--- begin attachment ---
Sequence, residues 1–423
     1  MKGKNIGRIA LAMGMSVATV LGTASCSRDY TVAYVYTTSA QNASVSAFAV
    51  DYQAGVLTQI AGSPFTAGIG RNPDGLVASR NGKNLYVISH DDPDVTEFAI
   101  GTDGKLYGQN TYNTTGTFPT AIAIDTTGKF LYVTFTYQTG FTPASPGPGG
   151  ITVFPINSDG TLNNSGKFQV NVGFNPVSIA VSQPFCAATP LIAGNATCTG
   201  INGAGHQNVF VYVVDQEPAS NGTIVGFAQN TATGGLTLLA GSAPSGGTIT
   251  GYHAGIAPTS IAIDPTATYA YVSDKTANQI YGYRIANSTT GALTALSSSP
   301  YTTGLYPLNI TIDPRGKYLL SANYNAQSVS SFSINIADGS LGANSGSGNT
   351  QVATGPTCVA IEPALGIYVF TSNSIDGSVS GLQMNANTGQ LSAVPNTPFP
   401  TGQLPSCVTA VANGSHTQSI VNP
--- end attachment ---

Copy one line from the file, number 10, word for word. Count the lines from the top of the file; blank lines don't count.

   401  TGQLPSCVTA VANGSHTQSI VNP